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Thames Barge Restoration Centre and Graveney Boat Museum

Part 2 Project 2012
Louisa Clifford
University of Kent, UK
Faversham is located at the end of a tidal creek that flows in from the Swale, the town grew due to the trade bought by the creek, which exported the fruits of Kent to London via the distinctive Thames Barges. Over the last 100 years due to the increase in the use of alternative transport, Barge trade has declined, and as a result the creek is slowly silting up. Enthusiast owned Thames Barges still come here to be restored but even this is threatened by residential developments, and the unique history of Faversham is being lost.

At the heart of The Restoration Centre a Museum which houses the remains of a locally found Saxon Ship hull, The Graveney Boat, which was exhumed from marshes having laid there for a century. By creating something from the old, the centre balances the desire of the community to protect its heritage whilst pushing these into a productive future for both the town and the Thames barge through the restoration trade.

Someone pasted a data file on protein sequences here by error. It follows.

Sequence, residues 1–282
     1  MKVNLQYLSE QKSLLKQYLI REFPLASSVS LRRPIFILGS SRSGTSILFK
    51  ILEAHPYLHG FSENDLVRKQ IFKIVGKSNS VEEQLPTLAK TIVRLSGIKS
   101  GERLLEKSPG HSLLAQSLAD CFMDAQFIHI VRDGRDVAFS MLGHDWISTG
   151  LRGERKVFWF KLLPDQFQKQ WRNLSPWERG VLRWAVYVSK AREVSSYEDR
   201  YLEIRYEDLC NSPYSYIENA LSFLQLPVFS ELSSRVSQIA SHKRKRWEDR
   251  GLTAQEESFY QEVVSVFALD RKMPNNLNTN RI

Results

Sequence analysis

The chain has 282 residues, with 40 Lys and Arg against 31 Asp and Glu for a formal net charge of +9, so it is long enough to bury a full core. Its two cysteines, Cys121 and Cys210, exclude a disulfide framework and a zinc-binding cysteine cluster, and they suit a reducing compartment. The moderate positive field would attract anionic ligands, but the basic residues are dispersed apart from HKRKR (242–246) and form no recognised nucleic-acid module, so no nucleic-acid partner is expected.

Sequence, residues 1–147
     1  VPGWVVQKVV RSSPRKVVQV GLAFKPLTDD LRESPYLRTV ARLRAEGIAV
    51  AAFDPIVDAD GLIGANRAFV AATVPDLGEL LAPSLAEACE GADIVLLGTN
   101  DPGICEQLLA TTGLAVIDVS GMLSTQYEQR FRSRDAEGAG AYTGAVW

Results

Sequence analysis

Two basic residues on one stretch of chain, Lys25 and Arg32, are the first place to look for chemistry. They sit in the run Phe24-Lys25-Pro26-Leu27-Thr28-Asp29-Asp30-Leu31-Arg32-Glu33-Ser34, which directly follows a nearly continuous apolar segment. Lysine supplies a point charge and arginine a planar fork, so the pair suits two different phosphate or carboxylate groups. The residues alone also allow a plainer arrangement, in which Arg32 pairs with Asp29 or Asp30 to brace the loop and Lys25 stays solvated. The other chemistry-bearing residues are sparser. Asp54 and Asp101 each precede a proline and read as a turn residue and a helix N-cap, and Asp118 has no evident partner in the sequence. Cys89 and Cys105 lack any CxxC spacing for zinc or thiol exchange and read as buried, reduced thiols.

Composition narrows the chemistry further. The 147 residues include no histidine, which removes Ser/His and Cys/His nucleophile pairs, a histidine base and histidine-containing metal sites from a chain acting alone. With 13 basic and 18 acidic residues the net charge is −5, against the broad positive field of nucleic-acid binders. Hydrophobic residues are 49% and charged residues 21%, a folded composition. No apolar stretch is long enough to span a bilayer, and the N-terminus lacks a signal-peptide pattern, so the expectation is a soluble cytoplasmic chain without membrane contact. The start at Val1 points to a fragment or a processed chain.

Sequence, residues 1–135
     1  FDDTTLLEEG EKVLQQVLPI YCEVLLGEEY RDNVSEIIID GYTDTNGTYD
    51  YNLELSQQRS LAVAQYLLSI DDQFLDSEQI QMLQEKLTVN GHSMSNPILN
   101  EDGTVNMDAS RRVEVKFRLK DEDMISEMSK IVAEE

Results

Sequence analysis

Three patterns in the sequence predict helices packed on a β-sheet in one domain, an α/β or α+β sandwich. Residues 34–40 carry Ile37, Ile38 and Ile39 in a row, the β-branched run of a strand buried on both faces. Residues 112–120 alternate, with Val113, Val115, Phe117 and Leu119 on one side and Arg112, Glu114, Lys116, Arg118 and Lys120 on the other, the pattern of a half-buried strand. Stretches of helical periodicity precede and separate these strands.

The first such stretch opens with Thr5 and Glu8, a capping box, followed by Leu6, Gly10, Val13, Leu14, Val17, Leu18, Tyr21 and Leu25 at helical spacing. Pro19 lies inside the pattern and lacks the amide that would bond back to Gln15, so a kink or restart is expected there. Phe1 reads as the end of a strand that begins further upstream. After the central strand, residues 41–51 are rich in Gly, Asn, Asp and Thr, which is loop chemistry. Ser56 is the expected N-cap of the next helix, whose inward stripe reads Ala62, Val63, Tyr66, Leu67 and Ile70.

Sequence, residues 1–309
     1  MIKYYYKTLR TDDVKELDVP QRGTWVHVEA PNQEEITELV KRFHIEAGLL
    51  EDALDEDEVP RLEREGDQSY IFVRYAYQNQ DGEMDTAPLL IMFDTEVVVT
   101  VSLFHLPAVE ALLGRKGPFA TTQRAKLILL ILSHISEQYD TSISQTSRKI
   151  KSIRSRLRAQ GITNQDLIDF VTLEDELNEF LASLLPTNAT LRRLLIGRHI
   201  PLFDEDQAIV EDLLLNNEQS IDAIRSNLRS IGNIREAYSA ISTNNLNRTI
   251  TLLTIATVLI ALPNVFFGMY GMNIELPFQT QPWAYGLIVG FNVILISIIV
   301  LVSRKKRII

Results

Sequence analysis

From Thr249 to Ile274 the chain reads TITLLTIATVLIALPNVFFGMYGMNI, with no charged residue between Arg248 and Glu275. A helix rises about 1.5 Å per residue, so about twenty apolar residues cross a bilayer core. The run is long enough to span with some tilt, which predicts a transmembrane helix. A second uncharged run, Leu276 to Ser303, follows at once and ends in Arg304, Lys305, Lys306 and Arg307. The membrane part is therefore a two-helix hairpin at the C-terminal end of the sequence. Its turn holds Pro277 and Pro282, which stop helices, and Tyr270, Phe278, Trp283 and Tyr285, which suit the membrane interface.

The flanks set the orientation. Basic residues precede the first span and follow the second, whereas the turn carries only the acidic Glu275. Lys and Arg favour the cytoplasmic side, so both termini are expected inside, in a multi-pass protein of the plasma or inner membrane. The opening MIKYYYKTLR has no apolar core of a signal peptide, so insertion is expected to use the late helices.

Similarly the design of the centre came about by a series of studies into working parts of the Thames Barge which were photographed, abstracted, and then made spatial at varying scales. These were then manipulated into forms responding to the site, and creating a strong connection between the preservation and restoration aspects of the building. The Graveney Boat is suspended above a Dry Dock, the visitor moves between spaces across a series of bridges which look upon these aspects. Emphasising the importance of both to the town, how they are creating a new future for their history.

As the design evolved, working parts of the Thames Barge were reintegrated into the technological structure of the centre, creating subtle nautical references, for example a staircase is suspended by a scaled up version of a windlass, which tightens the rigging on a Thames Barge. The necessary humidity to preserve the Graveney boat is achieved in an appropriately low-tech and passive way by promoting evaporation from reflecting pools below the suspended boat, then trapping this moisture behind a vapour barrier presented as if a theatrical curtain.

Louisa Clifford

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